We work at the grassroots level throughout the Muslim World to counter violent extremism before it takes hold, to promote tolerance and understanding, and to foster better relations with the United States.
The following is a post from AUA Mosaic Fellowship recipient Anina Tweed. Anina is currently volunteering in Bangladesh during the summer of 2012. To find an amazing volunteer opportunity, search the AUA Directory of Recommended Organizations© today.
Somewhere in the near 29 hours I spent staring out the window of a bus and van this week, I began to cultivate my first real feelings of love towards Bangladesh. Not just an interest towards the exotic or a fascination with the new, but the first stirrings of affection and appreciation beyond the initial culture shock. I can feel Bangladesh inching its way into my heart and clawing out a little corner against all reason. Driving through the countryside to the capitol city of Dhaka and then south to the oceanfront of Cox’s Bazaar allowed me to sit back and take it all in from a broader perspective than our fishbowl life in Chittagong. Bangladesh as a whole, not just our lives within it, took shape in my mind’s eye.
The incredible energy of the people, the shocking palette of colors, the look of dried fish stands lit by a single light bulb at night, the near hit and miss encounters with cows lounging in the road, the smell of fresh pineapples against the stench of mountains of garbage, the families of ten crammed into a tiny rickshaw, the taste of salted guavas on the beach, and the sound of our driver Halim’s bangin’ Hindu music combined to create a sensory understanding of the country on all five fronts. Sometimes it’s true that to begin to know something/someone is to love them. It’s a love that doesn’t equate with adoration necessarily, but has more to do with comfort; It is a closeness that begins to silently anchor you to a people and a place that you never before thought of as your own.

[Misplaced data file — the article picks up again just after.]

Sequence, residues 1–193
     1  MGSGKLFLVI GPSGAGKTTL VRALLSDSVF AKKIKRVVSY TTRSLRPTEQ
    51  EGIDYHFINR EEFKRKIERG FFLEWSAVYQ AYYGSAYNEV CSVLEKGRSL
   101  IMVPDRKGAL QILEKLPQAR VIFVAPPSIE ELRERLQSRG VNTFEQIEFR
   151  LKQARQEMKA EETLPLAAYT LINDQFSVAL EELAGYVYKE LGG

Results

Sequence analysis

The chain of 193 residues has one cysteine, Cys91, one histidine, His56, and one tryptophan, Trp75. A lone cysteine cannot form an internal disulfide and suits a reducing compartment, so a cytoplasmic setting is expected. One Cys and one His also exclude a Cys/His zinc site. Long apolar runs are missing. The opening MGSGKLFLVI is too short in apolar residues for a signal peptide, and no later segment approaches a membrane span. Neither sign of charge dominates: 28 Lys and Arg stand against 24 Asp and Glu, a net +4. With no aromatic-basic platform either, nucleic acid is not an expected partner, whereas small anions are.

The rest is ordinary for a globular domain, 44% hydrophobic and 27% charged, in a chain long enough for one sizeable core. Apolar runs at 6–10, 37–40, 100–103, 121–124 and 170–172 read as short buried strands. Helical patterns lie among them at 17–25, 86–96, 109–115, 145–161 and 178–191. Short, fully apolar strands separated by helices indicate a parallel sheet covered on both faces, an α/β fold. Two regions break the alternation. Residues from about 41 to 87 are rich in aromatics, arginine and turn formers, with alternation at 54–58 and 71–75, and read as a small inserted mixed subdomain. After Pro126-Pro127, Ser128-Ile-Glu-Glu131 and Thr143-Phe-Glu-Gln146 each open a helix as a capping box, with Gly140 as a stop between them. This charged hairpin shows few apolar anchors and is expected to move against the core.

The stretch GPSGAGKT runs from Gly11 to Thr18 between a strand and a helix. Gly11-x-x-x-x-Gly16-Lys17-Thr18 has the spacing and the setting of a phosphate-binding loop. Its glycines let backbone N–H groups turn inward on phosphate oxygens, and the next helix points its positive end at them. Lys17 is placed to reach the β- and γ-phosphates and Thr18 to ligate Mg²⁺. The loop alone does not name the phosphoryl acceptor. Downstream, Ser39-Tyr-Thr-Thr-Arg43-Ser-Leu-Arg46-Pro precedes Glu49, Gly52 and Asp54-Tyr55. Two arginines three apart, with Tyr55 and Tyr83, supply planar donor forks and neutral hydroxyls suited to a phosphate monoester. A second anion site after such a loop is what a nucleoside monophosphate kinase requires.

In this last week of traveling, I’ve begun to grasp that to love Bangladesh is to surrender to uncertainty. In America, we like to think of ourselves as masters of our own fate. We assume that for any problem there is a solution. We believe that we will be able to find it and fix it in a timely fashion and have minimal patience for those who don’t. We do our best to avoid uncertainty and disaster. We like to feel in control. Living in Bangladesh with this attitude will get you nowhere. Our lives here are defined by uncertainty. You never know when the power will cut out just as you need to send an important email, you can’t predict when you will or won’t get stuck in 7 hours of standstill traffic, and you’ll almost never have a day when absolutely everything goes your way. What you can control is your reaction to these circumstances. You are not the master of the world or even of your own fate but you are the master of your own emotions and perceptions.
Whether you choose to let the mishaps destroy you or you laugh them off and turn them into adventures is about all that is in your grasp. When you learn to live like Bengali’s do, walking the fine line between control and surrender, it’s freeing. I don’t have all the answers and I now accept that certain things are beyond my control. But coupled with this surrender to fate (circumstance?) is the knowledge that I will survive most things if I can find the good in them, that I can decide whether they turn into setbacks or simply sidesteps. I think that after this year, Bangladesh will have taught me the most important lesson of all: everything is what you make it.